Elon Musk to destroy the International Space Station – with NASA's approval, for a fee

SpaceX wins contract for 'deorbit vehicle' at a pleasing price

Elon Musk's SpaceX has won a NASA contract to de-orbit the International Space Station (ISS).

The aerospace agency announced the deal on Wednesday, and that it will see SpaceX "develop and deliver" a vehicle "that will provide the capability to deorbit the space station and ensure avoidance of risk to populated areas."

After SpaceX builds the "deorbit vehicle," NASA will take ownership of it and operate it.

NASA sought bids for the deorbit vehicle in September 2023. The craft is needed because NASA and other ISS stakeholders have decided the orbital habitat is past its prime, with smaller and privately-owned space labs seen as superior options for future exploration.

The station masses over 400,000 kilograms – vastly more than the 2,600 kilograms of spent batteries that were deorbited in 2021 but didn't all burn up in Earth's atmosphere. Around 750 grams of material whacked the roof of a Florida home, leading to a lawsuit seeking $80,000 to cover the cost of repairs and other expenses.

The ISS is large enough that debris could do a lot more damage than just punching a hole in one roof – which is why NASA wanted a specialized craft to make sure the job is done right first time.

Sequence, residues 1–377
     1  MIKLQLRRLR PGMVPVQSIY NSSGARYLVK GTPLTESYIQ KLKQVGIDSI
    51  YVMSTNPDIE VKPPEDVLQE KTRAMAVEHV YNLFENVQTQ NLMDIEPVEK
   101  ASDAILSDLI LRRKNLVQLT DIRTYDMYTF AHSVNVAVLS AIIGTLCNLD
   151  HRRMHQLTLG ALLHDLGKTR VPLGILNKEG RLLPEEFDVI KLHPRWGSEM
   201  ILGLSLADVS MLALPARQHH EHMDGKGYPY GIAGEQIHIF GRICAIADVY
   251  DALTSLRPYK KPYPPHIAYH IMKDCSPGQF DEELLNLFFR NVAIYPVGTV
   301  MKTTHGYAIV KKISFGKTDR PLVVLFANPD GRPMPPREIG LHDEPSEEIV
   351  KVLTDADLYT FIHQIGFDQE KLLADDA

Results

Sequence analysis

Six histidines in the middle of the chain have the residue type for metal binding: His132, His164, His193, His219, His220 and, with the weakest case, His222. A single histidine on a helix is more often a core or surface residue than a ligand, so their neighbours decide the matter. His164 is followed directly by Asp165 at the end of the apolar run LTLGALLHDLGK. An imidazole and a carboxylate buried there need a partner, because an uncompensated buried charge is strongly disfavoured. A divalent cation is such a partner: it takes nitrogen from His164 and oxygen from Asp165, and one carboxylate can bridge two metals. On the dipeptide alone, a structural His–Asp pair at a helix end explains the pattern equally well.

NASA's initial estimate for the vehicle and the operation needed to kill the ISS was just under a billion dollars.

NASA's announcement of the deal sates the "single-award contract has a total potential value of $843 million," leaving some headroom for other mission costs – including the price of launching the vehicle.

NASA and the other ISS partner agencies don't mind if the deorbit vehicle is an entirely new craft, or adapts an existing design.

Elon Musk – who acknowledged the contract award with a re-Xeet – hasn't offered any clues about SpaceX's plans.

Whatever the company creates, it needs to be ready by 2029 – ahead of a planned 2030 push to send the ISS to a fiery grave.

NASA, meanwhile, is trying to figure out when it can deorbit something far smaller: the Boeing-built Starliner capsule that's been deemed unfit to fly other than in an emergency. ISS crew have a couple of spacewalks planned, which will likely push Starliner's departure into July at the earliest. ®

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